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New Course Alert: Jewish Approaches to Environmentalism


In some societies in which they have lived, Jews have been seen as “unnatural,” that is, disinterested in the natural world. What would it mean if this were true? Do Judaism and Jewish culture offer meaningful perspectives on the environment and climate change?  Emory undergraduates now have the opportunity to explore these ideas in depth in a new class, JS 273: “Jewish Approaches to Environmentalism,” cross-listed with the Department of Religion.

Ideal for students who are curious about the assumptions that have animated Jewish ideas about the environment over the centuries and why individuals should be concerned about nature and the climate at all, the course examines contemporary Jewish environmental ethics alongside classic Jewish sources. Conventional environmental theories—anthropocentric, theocentric, and biocentric—will be investigated in preparation for developing a non-anthropocentric Jewish environmental ethic.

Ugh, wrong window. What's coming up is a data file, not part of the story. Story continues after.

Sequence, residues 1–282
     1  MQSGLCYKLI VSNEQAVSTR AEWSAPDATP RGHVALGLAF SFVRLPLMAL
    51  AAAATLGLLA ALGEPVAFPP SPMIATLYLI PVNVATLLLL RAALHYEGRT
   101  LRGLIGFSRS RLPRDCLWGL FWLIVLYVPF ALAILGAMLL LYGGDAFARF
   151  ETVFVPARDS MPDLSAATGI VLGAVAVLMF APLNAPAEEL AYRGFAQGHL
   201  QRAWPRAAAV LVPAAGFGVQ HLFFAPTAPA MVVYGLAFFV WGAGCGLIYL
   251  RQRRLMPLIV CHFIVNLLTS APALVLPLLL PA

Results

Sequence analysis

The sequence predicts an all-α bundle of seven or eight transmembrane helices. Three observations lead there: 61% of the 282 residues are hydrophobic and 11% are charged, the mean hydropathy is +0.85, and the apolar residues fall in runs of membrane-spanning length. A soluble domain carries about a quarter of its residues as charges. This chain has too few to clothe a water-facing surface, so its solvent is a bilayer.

TJIS affiliated faculty member Jonathan Crane, the Raymond F. Schinazi Scholar of Bioethics and Jewish Thought at the Emory Center for Ethics and an expert on Jewish ethical perspectives on social and political issues, is set to launch the class in the Spring 2022 semester.  Some highlights of what he envisions for the course include:

  • An unconventional approach to understanding Jewish environmentalism;
  • A questioning of the impulse to dismiss the environment and nature as an object of concern in Jewish tradition; and
  • Guest speakers from off-campus who are engaged in efforts to connect Judaism and the environment.

Ultimately, Prof. Crane plans to challenge students to think creatively about current developments related to the environment such as overpopulation and how to feed civilization.  Students will investigate these dilemmas and develop a non-anthropocentric Jewish ethic towards addressing current issues.

Undergraduate pre-registration for the spring term begins October 25th!